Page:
Are we talking about versioning at a very high granularity level (e.g., a URI that points to an entire ontology)? Should we also consider versioning at finer granularity levels such as the levels of concepts or terms and their relationships within an ontology? Some of these concepts, terms and their relationships may evolve over time. We many need a versioning scheme for these. I think some of these finer granularity versioning examples can be found in the UMLS (Unified Medical Language System). At the instance level, we may need versioning as well. Also, the semantics of versioning may be unclear sometimes. For example, two different SNPs (Single Necleotide Polymorphisms) that were submitted to dbSNP may refer to the same location in the genome. Do we say they are two different versions of the same SNP? There may not be a standard notion/definition of versioning for biomedical entities.

Just my two-cent thought,


Alan Ruttenberg wrote:

I guess what I'm trolling for is some more careful description of the desired behavior. Some examples would be helpful, etc. My feeling is the technical management of how to arrange a uri/lsid is much easier than specifying and agreeing upon what the versioning behavior should be.

For instance, BioPAX took the strategy of using a different namespace for each of its versions. That cleanly separates which version you are referring to. Too cleanly - people who want to integrate data from the two versions now need to think too hard about how to do that.


On Jan 10, 2007, at 12:23 PM, Chimezie Ogbuji wrote:

Well, (not to open up a can of worms) ontology versioning can be handled as a mechanism 'built-in' to the protocol (as is the case with LSID) or via an HTTP resolution service (such as PURL). I'm more familiar with the latter scenario than the former. Assuming you have a static PURL address for the ontology you can specify which version the request is redirected to.

This is similar to the way W3C spec URLs work (from what I gather). There is usually a 'latest' link (which is always static) which redirects the a location specific to the current 'version'. I think this is a good model to follow for managing ontology locations (per version).

On Wed, 10 Jan 2007, Mark Wilkinson wrote:

Hmmmm... sounds like a job for LSID's... oops! Said a dirty word! ;-)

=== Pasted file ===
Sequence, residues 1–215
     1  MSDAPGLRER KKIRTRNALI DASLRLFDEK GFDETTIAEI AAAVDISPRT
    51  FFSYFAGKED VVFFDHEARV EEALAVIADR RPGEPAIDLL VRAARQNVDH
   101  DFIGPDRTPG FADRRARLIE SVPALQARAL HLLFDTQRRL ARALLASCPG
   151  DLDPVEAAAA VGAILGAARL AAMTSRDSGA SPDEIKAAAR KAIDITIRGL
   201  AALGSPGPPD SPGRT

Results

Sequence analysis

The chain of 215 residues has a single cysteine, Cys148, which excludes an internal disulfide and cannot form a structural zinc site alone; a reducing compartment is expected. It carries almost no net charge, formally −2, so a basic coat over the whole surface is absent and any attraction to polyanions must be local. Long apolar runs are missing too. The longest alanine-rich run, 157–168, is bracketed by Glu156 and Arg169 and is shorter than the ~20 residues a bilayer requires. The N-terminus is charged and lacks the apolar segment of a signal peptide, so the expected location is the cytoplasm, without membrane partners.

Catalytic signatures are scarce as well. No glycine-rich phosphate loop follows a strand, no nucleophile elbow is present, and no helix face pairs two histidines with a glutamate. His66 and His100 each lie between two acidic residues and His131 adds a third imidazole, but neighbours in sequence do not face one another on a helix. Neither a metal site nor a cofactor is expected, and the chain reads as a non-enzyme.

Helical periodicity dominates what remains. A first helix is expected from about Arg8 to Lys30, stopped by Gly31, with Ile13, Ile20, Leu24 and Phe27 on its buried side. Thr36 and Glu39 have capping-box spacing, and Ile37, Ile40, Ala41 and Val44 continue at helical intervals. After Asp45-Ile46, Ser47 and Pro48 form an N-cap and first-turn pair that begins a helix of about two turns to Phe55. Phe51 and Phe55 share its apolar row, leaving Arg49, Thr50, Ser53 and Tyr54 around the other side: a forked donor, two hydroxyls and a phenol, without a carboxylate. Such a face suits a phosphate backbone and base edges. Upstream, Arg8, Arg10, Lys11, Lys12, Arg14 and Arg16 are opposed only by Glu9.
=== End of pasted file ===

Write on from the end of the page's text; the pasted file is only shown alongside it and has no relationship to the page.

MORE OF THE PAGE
Cheers all!


On Tue, 09 Jan 2007 23:53:49 -0800, <[EMAIL PROTECTED]> wrote:

One comment on versioning issues (question2) . The matter is more complex than the answer suggests. If a clinical system ever refers to a URI in
BioPortal this URI should stay forever. Even if a new version of the
ontology is deployed the original URI should still point to the old term
or concept, even if it is deprecated. So versioning is more than a
development or collaboration issue. I don't know wether the answer given
to question 3 solves this.
Dr. Dirk Colaert MD
Advanced Clinical Application Research Manager
Agfa Healthcare               mobile: +32 497 470 871
Daniel Rubin <[EMAIL PROTECTED]>
10/01/2007 01:46
"w3c semweb hcls" <public-semweb-lifesci@w3.org>
Answers to questions about BioPortal
Dear HCLSIG users,
We have received a number of questions/comments from you for our BioPortal sneak preview. Please continue to provide comments/suggestions as this
will help us to ensure BioPortal meets the community needs. We have
collected the following recent feedback from several different members of
this list, and would like to summarize our responses to them  below to
clarify some of the recent questions:
1. Looking at the interface, it is not clear to me how best to reference an element of the ontologies there-- is there a URI mechanism that can be
used directly by outside researchers? How does
this relate to the DOID # (i.e., namespaces)?
Yes, a URI mechanism will be made available soon. Ontologies will have their own namespaces defined by the authors, or if none is provided, we
will create one based on our bioontology.org namespace.
2. Also, can you provide more details on how the BioPortal will provide versioning? Last I understood, there were no SVN capabilities with the